In a new study, researchers propose for the first time that Porphyromonas gingivalis – the bacterium behind gum disease – could be a risk factor for esophageal cancer.
The researchers, from the University of Louisville (UofL), KY, and Henan University of Science and Technology in Luoyang, China, report their findings in the journal Infectious Agents and Cancer.
According to the Centers for Disease Control and Prevention (CDC), every year, around 15,000 people in the US are diagnosed with esophageal cancer – a cancer that starts in the esophagus or gullet, the muscular tube that moves food from the throat into the stomach.
The lining of the esophagus is made of two kinds of cell, which is why there are two main types of esophageal cancer: esophageal adenocarcinoma and esophageal squamous cell carcinoma (ESCC). ESCC is more common in developing countries.
Known risk factors for esophageal cancer include chemical exposure, diet, heredity and age – all factors already common to many other cancers.
The cancer is hard to diagnose in the early stages. For many patients, the cancer develops rapidly after diagnosis and the prognosis is not good.
For their study, the team tested tissue from 100 patients with ESCC and 30 patients who did not have the disease (the controls).
They tested samples taken from three types of esophageal tissue: cancerous tissue, non-cancerous tissue adjacent to cancerous tissue and normal tissue from the controls.
The team found P. gingivalis was present in 61% of cancerous tissue samples and only 12% of adjacent tissue samples. They found none in the normal tissue samples.
- The risk for developing esophageal cancer increases with age
- Less than 15% of cases are in people younger than 55
- The disease is three to four times more common in men than women.
Co-senior author Huizhi Wang, assistant professor of oral immunology and infectious diseases at the UofL School of Dentistry, says:
“These findings provide the first direct evidence that infection could be a novel risk factor for ESCC, and may also serve as a prognostic biomarker for this type of cancer.”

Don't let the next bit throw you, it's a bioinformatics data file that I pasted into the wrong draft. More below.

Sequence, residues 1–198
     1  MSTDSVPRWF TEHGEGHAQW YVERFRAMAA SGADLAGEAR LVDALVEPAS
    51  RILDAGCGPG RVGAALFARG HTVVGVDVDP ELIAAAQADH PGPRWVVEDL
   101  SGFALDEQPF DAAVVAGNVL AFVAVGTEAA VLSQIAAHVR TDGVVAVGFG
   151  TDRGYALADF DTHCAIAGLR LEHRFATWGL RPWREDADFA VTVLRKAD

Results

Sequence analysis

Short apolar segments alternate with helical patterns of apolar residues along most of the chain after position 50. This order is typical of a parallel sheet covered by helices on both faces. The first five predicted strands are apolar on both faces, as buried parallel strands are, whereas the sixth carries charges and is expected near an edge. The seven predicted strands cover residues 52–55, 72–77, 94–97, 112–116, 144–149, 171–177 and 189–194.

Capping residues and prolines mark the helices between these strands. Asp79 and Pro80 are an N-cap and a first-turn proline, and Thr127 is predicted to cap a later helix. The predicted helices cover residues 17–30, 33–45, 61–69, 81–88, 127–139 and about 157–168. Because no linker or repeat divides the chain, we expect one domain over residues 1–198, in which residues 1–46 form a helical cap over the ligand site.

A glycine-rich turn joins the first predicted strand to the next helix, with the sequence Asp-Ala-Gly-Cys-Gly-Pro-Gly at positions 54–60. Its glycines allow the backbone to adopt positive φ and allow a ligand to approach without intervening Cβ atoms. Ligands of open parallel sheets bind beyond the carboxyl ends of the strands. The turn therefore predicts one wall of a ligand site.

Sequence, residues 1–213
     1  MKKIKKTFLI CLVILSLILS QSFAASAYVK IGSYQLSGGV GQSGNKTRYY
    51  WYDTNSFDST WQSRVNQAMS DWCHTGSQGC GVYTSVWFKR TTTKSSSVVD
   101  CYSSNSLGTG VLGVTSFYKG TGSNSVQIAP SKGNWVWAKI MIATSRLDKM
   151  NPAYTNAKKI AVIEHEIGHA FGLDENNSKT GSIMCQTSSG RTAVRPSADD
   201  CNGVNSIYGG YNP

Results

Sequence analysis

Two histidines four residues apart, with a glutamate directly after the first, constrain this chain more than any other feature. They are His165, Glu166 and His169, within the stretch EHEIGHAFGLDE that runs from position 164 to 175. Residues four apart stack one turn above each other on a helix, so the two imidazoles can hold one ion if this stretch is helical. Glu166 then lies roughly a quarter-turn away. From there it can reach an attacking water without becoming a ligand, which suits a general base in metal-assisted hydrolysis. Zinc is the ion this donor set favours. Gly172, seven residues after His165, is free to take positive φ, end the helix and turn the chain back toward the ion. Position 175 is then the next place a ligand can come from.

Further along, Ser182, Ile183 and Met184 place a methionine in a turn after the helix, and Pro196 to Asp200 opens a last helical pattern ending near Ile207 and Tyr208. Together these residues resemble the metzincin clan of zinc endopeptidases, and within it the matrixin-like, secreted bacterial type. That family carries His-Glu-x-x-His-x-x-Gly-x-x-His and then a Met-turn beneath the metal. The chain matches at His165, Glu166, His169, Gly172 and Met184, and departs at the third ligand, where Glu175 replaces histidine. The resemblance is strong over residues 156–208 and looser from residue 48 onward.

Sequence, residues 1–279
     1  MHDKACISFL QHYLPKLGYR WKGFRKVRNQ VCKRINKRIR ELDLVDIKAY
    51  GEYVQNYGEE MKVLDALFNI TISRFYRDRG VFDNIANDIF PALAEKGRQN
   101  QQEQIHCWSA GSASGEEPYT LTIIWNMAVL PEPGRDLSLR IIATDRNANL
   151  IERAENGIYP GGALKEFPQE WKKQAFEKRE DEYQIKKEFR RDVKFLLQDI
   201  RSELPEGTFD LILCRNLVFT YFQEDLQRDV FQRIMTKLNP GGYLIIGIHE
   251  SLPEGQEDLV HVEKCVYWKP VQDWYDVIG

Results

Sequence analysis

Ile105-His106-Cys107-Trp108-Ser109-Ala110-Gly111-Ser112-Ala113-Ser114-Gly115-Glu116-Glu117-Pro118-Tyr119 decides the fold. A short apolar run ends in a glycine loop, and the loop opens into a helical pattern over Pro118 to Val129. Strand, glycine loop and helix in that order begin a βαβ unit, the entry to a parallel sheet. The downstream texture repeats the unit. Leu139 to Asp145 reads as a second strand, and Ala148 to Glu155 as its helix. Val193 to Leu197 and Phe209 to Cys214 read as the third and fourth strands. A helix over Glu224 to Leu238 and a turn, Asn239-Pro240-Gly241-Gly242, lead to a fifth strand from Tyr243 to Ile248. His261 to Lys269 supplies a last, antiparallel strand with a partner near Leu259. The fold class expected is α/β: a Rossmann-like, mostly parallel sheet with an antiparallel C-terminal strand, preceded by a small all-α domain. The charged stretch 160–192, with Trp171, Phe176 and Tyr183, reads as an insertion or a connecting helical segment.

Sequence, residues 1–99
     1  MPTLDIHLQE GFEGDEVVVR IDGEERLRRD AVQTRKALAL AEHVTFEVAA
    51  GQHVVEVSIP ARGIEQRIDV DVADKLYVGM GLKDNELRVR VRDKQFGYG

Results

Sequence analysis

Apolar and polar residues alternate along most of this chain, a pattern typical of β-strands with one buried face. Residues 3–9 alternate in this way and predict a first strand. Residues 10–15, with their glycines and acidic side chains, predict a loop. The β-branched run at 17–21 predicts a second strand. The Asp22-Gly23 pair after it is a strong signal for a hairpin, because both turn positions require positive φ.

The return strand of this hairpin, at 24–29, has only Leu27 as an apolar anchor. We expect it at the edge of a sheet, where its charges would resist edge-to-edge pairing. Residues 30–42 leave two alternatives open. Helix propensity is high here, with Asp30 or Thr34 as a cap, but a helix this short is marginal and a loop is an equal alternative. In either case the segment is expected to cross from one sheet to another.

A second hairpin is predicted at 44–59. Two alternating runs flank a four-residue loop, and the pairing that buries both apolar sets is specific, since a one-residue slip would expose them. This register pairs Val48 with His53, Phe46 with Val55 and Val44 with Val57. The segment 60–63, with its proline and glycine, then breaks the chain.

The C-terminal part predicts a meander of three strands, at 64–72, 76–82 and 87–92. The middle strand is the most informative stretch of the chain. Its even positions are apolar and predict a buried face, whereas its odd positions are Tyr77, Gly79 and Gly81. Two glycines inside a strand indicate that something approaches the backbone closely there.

He notes that if these findings are confirmed, then it could mean that eradication of a common oral bacterium could help reduce the significant number of people who develop ESCC.
To detect P. gingivalis in the tissue samples, the researchers measured expression of lysine-gingipain, an enzyme unique to the bacterium. They also looked for DNA traces of the bacterial cell.
They found levels of both the enzyme and the bacterial DNA were significantly higher in the cancerous tissue of ESCC patients than in surrounding tissue or tissue of normal controls.
The team found that levels of P. gingivalis measures were in line with levels of other measures, such as extent of cancer cell differentiation, metastasis (extent of spread) and overall survival rate.
Speculating on possible explanations, Prof. Wang offers two. Either ESCC cells are a “preferred niche” for the bacterium to thrive in, or infection with the bacterium somehow spurs the development of the cancer.
If the reason is that the cancer cells offer the bacterium a niche, then simple antibiotics could be a way forward for treatment. Another approach could be to use genetic technology to target the bacterium and ultimately eliminate the cancer cells.
Prof. Wang says should further studies actually prove that P. gingivalis causes ESCC, then the implication would be enormous, and:
“It would suggest that improving oral hygiene may reduce ESCC risk; screening for P. gingivalis in dental plaque may identify susceptible subjects; and using antibiotics or other antibacterial strategies may prevent ESCC progression.”
Meanwhile, Medical News Today recently learned about another study that shows patients with chronic kidney disease who also have severe gum disease have a higher risk of death than chronic kidney disease patients with healthy gums.